If sharia law is for Muslims, what is its place in a Muslim-majority nation? If the answer seems obvious, that may be part of the problem.
But another part is understanding sharia law in the first place, and in a helpful article on the blog of the Egyptian Ministry of Foreign Affairs, Grand Mufti Dr. Shawki Allam elaborates on what it is, and what it isn’t:
Far from a medieval code of capital punishments, the Shari’ah is a dynamic ethico-legal system designed to safeguard and advance core human values.
In fact, just as the US Constitution references the basic human values of unity, justice, tranquility, welfare, and liberty, so too each of these is also a fundamental value of the Shari’ah.
The rules of the Shari’ah are derived from the Qur’an and the model behavior of the Prophet Muhammad, peace and blessings be upon him, which complements and/or supplements the Qur’an on issues where it may be silent or require clarifying teachings.
“Islamic law” is not just the Shari’ah but rather is a methodology and the collection of positions adopted by Muslim jurists over the last 1,400 years. That period is marked by a remarkable intellectual diversity with dozens of schools of legal thought at one point.
Interpretation is the endeavor of scholars in each generation. In other words, some rules can change with time and place. The articulation of the Shari’ah is based on built-in mechanisms which aim for articulations of “Islamic Law” to be purpose-driven and considers the prevailing customary, social and political contexts of the time.
This makes the system fluid and dynamic.
And he concludes:
The flexibility and adaptability of Islamic law is perhaps its greatest asset. To provide people with practical and relevant guidance while at the same time staying true to its foundational principles, Islam allows the wisdom and moral strength of religion to be applied in modern times.
It is through adopting this attitude towards the Shari’ah that an authentic, contemporary, moderate, and tolerant Islam can provide solutions to the problems confronting the Muslim world today.
There are many good questions that could be put to the mufti. How would he explain such-and-such behavior of Muhammad? Is Muslim history in this-or-that phase in conformity with sharia, or against it?
But on the whole, his essay is a good reminder that neither Muslims nor sharia are a monolith. As some pull from the Islamic heritage to destroy the current age, others access it in conformity – and presumably both seek first and foremost a fidelity to religion.
But a key question comes to mind.
The Ministry of Foreign Affairs is an institution of the Egyptian state. This state’s official religion is Islam, but it also promotes a concept of equal citizenship independent of religious creed. Why then does the mufti say the following?
Muslims [my emphasis] are free to choose whichever system of government they deem most appropriate for them. The principles of freedom and human dignity, for which liberal democracy stands, are themselves part of the foundation for the Islamic worldview; it is the achievement of this freedom and dignity within a religious context that Islamic law strives for.
His opening sentence is a true principle. But it is true for Egyptian Muslims, as it is for Egyptian Christians and Jews. I am certain there is nothing sinister in the mufti’s words. He has been a staunch defender of the post-June 30 Egyptian state, which is greatly appreciated by the Copts.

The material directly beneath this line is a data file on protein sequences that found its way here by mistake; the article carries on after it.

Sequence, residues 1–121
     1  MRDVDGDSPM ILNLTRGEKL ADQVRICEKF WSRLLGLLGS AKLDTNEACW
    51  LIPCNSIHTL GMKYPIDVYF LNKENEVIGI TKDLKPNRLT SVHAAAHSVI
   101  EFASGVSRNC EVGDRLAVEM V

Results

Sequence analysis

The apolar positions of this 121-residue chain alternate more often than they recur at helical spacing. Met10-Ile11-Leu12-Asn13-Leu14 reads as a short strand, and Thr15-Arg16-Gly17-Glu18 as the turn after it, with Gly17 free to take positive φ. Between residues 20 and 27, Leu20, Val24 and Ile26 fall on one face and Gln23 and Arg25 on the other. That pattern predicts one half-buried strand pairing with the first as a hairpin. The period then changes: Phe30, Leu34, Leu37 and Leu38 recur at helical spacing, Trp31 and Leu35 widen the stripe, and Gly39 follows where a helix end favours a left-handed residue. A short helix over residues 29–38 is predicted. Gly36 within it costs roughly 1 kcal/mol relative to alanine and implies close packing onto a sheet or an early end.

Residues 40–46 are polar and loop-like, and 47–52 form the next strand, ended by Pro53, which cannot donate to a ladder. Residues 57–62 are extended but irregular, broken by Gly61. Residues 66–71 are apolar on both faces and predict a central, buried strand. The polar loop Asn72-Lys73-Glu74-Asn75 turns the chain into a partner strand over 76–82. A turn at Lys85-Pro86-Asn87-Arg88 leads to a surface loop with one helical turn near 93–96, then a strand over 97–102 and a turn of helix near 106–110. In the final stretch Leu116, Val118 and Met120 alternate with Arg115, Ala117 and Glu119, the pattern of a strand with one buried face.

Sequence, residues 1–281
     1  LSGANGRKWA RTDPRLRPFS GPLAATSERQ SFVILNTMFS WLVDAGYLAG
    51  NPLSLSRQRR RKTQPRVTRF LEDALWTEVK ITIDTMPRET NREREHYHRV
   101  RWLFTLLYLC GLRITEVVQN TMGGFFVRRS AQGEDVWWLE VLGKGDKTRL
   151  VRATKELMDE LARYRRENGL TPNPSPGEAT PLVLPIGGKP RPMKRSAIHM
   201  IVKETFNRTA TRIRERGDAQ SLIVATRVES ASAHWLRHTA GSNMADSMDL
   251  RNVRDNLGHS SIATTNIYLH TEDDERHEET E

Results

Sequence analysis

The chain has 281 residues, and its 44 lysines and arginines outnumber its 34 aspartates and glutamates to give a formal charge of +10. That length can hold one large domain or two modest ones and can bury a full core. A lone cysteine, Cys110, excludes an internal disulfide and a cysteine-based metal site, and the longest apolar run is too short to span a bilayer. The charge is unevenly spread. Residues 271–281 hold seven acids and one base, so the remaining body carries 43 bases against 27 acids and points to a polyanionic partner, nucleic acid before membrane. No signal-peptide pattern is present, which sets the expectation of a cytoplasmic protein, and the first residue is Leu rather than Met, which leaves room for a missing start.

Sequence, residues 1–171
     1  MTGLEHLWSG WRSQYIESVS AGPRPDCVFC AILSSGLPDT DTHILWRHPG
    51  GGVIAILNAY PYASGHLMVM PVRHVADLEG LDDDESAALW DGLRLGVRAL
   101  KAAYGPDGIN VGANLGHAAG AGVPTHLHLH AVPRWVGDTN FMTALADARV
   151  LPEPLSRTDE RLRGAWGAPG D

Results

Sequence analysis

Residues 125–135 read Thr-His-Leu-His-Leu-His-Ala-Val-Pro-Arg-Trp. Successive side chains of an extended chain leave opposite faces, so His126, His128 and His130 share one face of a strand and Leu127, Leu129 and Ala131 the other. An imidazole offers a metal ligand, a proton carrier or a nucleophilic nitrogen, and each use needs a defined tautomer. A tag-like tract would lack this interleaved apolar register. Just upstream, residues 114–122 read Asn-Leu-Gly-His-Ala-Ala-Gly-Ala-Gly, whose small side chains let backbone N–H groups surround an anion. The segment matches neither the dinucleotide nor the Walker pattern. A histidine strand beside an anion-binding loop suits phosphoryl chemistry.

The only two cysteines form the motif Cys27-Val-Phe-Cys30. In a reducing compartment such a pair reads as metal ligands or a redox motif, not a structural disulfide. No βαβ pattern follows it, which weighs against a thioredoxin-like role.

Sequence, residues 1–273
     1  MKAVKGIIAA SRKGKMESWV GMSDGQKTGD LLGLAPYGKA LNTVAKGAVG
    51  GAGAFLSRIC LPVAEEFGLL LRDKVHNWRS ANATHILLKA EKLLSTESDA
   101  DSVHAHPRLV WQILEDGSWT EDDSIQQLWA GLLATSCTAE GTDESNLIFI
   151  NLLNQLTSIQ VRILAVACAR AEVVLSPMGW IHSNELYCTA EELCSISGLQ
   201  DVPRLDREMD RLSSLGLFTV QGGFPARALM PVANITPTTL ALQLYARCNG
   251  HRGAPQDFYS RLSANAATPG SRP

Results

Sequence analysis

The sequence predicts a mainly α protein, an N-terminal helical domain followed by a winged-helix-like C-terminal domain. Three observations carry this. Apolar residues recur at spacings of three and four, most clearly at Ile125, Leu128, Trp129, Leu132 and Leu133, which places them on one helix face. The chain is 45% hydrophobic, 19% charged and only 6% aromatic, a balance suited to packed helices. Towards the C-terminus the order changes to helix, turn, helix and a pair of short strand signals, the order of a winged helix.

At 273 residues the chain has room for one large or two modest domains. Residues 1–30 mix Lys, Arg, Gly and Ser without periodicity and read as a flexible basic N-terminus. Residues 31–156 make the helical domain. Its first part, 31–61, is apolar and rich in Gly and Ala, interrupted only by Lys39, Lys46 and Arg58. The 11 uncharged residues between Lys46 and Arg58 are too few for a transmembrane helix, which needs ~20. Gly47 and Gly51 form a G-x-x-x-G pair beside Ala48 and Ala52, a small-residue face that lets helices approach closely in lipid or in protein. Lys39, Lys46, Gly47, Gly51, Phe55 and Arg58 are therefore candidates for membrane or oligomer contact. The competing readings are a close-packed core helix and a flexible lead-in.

But there is a prevalent understanding that equates a nation and its people with a particular faith. For Egypt, this is not wholly inappropriate, as the constitution enshrines sharia as the primary source of legislation.
The mufti’s point, however, is in choosing a system of governance. In this, Egyptians must be referenced, not those of a particular religious creed.
Consider this blog post of the Egyptian Ministry of Foreign Affairs, criticizing Western nations in the wake of the Russian plane crash disaster. In it Galal Nassar, editor-in-chief of al-Ahram weekly, accuses Western capitals of desiring the Muslim Brotherhood to rule Egypt, and makes the following point:
Centuries ago, the West had its own revolutions, and managed for the most part to separate church and state. Why do they think that we cannot do the same? Why do they hold us to ridicule, rather than show respect?
Indeed, it is a form of ridicule to assume the bigotry of low expectations that a people Muslim in religion must also be ‘Muslim’ in the application of sharia law, interpreted in its most illiberal form. Sharia can be a guide; it does not have to be a code. For millions of Muslims living in Western nations this is certainly true.
His point is understood that sharia is flexible and consistent with the modern world. But the question is important: Should it be legislated?
This, in fact, would be a good question for the mufti, one he does not directly address. The closest he comes is here:
Many people are under the impression that Egypt adopted French law. This is not the case. Islamic law was rewritten in the form of French law, but retained its Islamic essence. This process led Egypt to become a modern state run by a system of democracy.
This suggests his answer is ‘no’. In Egypt, sharia is a ‘source’ of legislation, though it is also ‘primary’. But even within his argument the mufti’s implicit understanding is that Egypt is Muslim.
If asked directly, perhaps he would not say it with such clear generality. But all the same he and Nassar reflect the tension inherent in discussing Islam. Religion … politics … identity … law … they are all mixed up together.
The mufti does a good job reminding us that sharia does not have to be scary. But it is still complicated. It always has been.
This article was first published at the Zwemer Center.